Social media researcher Danah Boyd recently concluded a study where she found that low-income, less educated, and minority youth are more likely to use Myspace, and white, well educated, wealthy youth are more likely to use Facebook. If Boyd is right, then why are so many non-profits choosing Facebook over Myspace?

Assuming the purpose of social media is simply to raise funds, then it seems engaging Facebook over Myspace makes sense. Facebook users are wealthier, and applications like Causes help non-profits raise funds within Facebook. But if we are to use social media to actually reach out to help people, Boyd's research indicates that MySpace is a more logical forum.

Boyd likens the divergent demographics of MySpace and Facebook users to suburban white-flight. She argues:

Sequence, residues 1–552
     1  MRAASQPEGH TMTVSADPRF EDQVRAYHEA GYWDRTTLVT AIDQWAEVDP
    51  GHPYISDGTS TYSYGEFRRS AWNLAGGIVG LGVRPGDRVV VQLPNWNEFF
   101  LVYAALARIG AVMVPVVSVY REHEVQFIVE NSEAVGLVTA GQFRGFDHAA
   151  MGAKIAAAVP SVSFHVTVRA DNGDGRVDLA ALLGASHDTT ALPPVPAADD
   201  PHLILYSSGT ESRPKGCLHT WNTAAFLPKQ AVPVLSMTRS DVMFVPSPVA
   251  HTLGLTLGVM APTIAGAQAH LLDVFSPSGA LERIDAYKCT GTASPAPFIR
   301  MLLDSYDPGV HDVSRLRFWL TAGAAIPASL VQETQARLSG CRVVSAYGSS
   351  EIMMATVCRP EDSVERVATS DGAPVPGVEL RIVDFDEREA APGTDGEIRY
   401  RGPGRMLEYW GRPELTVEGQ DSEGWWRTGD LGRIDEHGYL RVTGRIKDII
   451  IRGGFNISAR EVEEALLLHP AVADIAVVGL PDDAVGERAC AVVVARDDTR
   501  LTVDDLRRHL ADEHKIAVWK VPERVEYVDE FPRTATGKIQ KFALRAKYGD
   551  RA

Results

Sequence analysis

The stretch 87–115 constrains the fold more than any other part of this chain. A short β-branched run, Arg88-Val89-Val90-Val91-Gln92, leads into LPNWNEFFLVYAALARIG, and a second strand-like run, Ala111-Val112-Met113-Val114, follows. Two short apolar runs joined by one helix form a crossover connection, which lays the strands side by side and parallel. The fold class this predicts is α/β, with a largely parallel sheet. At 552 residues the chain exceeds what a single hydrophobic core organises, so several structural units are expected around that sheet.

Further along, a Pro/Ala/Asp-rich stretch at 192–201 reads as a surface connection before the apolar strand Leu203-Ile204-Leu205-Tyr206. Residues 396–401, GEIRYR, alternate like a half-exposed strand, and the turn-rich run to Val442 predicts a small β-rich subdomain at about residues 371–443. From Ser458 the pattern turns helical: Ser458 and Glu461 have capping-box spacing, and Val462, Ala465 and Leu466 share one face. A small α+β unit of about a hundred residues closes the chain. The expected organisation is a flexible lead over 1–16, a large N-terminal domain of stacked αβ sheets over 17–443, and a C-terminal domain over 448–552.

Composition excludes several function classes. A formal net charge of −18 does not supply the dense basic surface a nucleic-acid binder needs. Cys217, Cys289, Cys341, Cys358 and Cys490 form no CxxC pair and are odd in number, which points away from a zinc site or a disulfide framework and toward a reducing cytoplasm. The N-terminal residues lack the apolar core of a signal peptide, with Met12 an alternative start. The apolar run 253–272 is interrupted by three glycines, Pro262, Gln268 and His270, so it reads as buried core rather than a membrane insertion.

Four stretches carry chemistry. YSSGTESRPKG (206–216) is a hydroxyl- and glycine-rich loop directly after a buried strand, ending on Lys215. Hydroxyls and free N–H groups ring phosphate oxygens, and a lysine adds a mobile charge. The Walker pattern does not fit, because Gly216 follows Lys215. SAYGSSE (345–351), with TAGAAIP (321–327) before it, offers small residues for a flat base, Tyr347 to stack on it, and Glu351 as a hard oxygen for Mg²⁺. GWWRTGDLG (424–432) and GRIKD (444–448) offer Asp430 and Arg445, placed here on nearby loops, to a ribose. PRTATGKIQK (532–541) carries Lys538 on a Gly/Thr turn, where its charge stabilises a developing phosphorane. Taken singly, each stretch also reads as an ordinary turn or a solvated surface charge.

Whites were more likely to leave or choose Facebook. The educated were more likely to leave or choose Facebook. Those from wealthier backgrounds were more likely to leave or choose Facebook. Those from the suburbs were more likely to leave or choose Facebook. Those who deserted MySpace did so by "choice" but their decision to do so was wrapped up in their connections to others, in their belief that a more peaceful, quiet, less-public space would be more idyllic."

If indeed Facebook is akin to the wealthy suburbs, then non-profits focusing on elaborate Facebook profiles is perhaps as logical as building a shelter mega center in Beverly Hills. As low-income youth engage technology through sites like MySpace, the non-profit sector should expand it's use of technology past fundraising to provide direct services to people in need.

(Photo by swanksalot)